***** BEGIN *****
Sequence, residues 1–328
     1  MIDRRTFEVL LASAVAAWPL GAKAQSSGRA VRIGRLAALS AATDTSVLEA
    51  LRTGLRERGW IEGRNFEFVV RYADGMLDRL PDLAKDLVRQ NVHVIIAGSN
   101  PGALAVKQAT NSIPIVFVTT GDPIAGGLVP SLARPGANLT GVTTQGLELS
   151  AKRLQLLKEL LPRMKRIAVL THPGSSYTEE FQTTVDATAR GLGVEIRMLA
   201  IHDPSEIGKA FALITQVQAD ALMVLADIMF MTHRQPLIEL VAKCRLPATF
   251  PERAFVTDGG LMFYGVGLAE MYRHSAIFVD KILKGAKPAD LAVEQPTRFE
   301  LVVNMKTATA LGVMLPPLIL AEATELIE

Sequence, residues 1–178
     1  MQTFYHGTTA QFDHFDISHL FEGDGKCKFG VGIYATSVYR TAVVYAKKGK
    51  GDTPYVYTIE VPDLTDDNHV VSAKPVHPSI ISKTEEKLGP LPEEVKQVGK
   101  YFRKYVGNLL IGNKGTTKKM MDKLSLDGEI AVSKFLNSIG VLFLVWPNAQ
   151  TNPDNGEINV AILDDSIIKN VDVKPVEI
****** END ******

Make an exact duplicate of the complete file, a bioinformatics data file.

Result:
Sequence, residues 1–328
     1  MIDRRTFEVL LASAVAAWPL GAKAQSSGRA VRIGRLAALS AATDTSVLEA
    51  LRTGLRERGW IEGRNFEFVV RYADGMLDRL PDLAKDLVRQ NVHVIIAGSN
   101  PGALAVKQAT NSIPIVFVTT GDPIAGGLVP SLARPGANLT GVTTQGLELS
   151  AKRLQLLKEL LPRMKRIAVL THPGSSYTEE FQTTVDATAR GLGVEIRMLA
   201  IHDPSEIGKA FALITQVQAD ALMVLADIMF MTHRQPLIEL VAKCRLPATF
   251  PERAFVTDGG LMFYGVGLAE MYRHSAIFVD KILKGAKPAD LAVEQPTRFE
   301  LVVNMKTATA LGVMLPPLIL AEATELIE

Sequence, residues 1–178
     1  MQTFYHGTTA QFDHFDISHL FEGDGKCKFG VGIYATSVYR TAVVYAKKGK
    51  GDTPYVYTIE VPDLTDDNHV VSAKPVHPSI ISKTEEKLGP LPEEVKQVGK
   101  YFRKYVGNLL IGNKGTTKKM MDKLSLDGEI AVSKFLNSIG VLFLVWPNAQ
   151  TNPDNGEINV AILDDSIIKN VDVKPVEI